Long runs to fertile fishing grounds are nothing new to Bassmaster Elite anglers, but whether it’s the Cooper River at South Carolina’s Winyah Bay,
Long runs to fertile fishing grounds are nothing new to Bassmaster Elite anglers, but whether it’s the Cooper River at South Carolina’s Winyah Bay, or that distant Lake Ontario monster hole, reaping the rewards requires calculating the cost. Time, fuel consumption, wind and waves — ignore these factors and futility reigns.
This week, the potential promised land is Lake Apopka. Forming the headwaters of the Ocklawaha River and the Harris Chain, Florida’s fourth-largest lake covers about 30,900 acres
Apopka’s certainly not the place to catch big fish, but following decades of dismal health, the past few years have seen restoration efforts and expansive grass growth turn this lake into a bonafide big bite mecca.
Day 1 saw second-place Pat Schlapper catch a pair of Apopka giants that went 8-7 and 7-0. Sixth-place Jamie Hartman caught an 8-1, while 9th-place Jay Yelas had a 7-2.
Scott Martin, who kept himself in the hunt with a 21st-place Apopka limit of 17-1, endured one of the most gut-wrenching days ever captured on Bassmaster LIVE. Targeting bed fish amid reeds and other shallow vegetation, Martin lost a half dozen big-time opportunities when fish came unbuttoned — one of which, an estimated 7-pounder — slipped his grasp at boatside.
Painful to watch such disasters, but seeing what bit, no doubt solidified the Apopka potential.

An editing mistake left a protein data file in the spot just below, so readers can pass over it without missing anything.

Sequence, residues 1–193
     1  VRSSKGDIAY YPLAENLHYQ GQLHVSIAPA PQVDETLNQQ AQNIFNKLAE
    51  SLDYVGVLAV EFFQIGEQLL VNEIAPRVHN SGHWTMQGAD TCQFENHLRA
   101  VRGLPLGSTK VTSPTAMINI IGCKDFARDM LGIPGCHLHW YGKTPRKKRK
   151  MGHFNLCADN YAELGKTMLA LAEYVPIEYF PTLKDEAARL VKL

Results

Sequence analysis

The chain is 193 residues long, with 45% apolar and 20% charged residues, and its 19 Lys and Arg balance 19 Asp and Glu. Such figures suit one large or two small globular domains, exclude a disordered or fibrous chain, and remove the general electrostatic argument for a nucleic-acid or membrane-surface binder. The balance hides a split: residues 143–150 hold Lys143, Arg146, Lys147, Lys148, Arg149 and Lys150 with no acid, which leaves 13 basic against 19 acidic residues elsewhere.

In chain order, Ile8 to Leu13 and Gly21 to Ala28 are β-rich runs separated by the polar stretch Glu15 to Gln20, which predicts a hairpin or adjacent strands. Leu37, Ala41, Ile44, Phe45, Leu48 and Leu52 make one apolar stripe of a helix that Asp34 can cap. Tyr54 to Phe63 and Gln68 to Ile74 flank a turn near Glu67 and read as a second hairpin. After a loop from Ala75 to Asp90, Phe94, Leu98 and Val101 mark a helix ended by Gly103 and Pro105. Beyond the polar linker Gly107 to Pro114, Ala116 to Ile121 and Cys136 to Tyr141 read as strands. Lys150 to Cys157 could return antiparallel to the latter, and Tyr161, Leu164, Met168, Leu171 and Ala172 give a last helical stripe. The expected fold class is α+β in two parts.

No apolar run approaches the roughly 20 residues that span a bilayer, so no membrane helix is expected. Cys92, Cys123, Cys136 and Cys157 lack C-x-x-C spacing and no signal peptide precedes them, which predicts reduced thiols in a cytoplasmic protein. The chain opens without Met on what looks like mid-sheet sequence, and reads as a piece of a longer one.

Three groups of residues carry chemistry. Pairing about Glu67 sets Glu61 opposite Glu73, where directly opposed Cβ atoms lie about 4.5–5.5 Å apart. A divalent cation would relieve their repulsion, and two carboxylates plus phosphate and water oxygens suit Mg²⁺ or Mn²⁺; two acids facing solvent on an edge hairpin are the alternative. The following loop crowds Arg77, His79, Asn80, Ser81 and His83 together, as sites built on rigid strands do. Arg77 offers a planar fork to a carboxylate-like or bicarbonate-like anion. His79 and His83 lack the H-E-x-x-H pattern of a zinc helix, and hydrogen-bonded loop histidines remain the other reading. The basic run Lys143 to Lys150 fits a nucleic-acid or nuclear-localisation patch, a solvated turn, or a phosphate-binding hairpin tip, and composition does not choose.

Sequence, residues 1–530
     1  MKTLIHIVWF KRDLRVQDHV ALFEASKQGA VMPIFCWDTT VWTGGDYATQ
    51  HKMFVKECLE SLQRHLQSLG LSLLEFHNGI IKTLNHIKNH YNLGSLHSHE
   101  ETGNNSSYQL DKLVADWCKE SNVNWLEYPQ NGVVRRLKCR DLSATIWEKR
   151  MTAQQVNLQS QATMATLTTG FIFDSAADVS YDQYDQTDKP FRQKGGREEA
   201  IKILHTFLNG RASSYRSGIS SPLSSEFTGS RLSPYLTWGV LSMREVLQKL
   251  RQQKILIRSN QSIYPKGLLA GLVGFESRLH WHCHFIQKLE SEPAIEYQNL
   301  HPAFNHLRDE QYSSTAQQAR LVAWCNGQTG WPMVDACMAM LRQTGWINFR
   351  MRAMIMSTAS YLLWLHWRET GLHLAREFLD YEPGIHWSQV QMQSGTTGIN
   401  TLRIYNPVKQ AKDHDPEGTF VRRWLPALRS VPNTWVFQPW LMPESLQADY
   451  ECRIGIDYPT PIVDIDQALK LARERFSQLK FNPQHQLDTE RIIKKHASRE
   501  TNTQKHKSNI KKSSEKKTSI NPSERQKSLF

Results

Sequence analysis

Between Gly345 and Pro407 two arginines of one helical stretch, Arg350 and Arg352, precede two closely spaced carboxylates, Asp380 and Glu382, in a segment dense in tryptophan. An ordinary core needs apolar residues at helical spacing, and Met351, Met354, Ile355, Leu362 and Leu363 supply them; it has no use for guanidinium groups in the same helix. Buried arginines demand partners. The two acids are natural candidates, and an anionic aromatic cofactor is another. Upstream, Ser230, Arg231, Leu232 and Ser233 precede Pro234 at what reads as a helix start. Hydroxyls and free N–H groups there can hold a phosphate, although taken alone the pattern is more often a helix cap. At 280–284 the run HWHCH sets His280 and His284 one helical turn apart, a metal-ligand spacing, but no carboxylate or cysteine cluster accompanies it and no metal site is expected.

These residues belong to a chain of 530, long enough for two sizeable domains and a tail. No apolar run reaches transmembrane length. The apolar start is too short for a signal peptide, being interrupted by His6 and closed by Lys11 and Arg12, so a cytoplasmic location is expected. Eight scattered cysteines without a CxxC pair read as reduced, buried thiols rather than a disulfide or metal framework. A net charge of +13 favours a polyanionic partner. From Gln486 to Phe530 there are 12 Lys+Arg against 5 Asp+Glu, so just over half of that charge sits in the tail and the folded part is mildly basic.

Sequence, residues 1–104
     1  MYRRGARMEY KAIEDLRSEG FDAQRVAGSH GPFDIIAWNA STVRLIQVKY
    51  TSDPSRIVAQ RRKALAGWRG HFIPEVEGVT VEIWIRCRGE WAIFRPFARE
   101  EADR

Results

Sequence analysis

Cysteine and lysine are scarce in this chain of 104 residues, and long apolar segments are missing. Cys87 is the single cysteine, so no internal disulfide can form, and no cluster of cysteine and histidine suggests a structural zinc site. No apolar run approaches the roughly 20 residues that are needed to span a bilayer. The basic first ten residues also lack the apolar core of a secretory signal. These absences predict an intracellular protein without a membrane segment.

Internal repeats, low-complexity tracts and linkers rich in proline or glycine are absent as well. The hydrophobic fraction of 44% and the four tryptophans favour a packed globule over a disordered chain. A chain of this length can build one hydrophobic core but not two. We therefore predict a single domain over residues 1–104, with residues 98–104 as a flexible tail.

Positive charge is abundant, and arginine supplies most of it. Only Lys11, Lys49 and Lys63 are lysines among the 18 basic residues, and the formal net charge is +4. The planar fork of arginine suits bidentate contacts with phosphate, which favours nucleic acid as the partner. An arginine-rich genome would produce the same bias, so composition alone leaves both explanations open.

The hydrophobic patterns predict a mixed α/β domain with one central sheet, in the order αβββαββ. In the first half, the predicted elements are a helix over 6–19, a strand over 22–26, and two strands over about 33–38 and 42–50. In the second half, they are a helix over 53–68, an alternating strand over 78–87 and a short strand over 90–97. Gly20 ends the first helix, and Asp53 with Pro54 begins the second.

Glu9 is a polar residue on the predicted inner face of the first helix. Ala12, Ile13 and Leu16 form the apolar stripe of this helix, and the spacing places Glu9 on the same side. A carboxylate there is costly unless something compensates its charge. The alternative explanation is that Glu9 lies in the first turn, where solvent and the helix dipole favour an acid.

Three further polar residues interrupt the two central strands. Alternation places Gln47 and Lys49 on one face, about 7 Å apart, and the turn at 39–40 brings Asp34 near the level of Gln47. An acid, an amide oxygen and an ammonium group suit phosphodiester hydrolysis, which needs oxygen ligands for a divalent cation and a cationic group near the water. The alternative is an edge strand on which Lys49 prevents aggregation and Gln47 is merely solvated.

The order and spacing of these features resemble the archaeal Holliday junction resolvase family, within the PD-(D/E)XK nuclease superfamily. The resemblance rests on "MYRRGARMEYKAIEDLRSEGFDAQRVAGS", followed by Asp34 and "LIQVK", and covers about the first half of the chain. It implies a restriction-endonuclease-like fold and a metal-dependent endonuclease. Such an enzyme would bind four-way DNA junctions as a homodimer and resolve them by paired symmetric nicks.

Multiple anglers reported finding impressive quality while practicing in Apopka. Quantity seems to be better elsewhere, but the general thought is that if this event sees a double-digit fish or a mega bag, it’ll likely come from Lake Apopka.
From takeoff at Venetian Gardens on the west side of Lake Harris, reaching Apopka requires anglers to run northeast across the lake, take the Dead River into Lake Eustis, then link down to Lake Dora through its namesake canal. On Dora’s east side, you’ll take the channel down to Lake Beauclair, run to the southwest corner and follow the Apopka-Beauclair Canal down to Apopka.
About midway through that canal, anglers must traverse the Apopka-Beauclair Lock and that’s where the clock watching can turn anticipation into tension.
“They can only lock three boats at a time, so I had to wait like an hour to lock through,” Yelas said. “It’s a hard decision and what makes it extra hard here is that, coming back, you don’t know how many guys will be waiting.
“It takes about 20 minutes (for a lock cycle) so they can lock nine boats an hour. You can’t cut it too close or that can really mess you up. If you just make a 2-hour run one way and you don’t have to go through a lock, you can just allow enough time to make it. But here, you could get jammed up at the lock and not even make it to weigh ins.”
Anglers who are late to their assigned check-in time are penalized one pound per minute up to 15 pounds, after which their catch is disqualified.
Hartman acknowledges the consideration, but says he’s good with the reality: “I got one bite and it was the big one about 10 o’clock. That’s why I went to Apopka.”
Depending on flight schedule, anglers may opt to fish their way toward the Apopka-Beauclair Canal, let the early lock volume clear and then wait their turn. Some, like Martin, will run directly to the lock and deal with the line to ensure their earliest access to Apopka.
On Day 1, Martin explained that, considering his running time and lock wait, it took him two hours and 15 minutes to enter Apopka. Do the math and that shaves 4 1/2 hours off the fishing day — assuming no additional delays or mishaps.
Big bites await in Lake Apopka, but they require a toll — potentially one exceeding expectations.
No risk, no reward.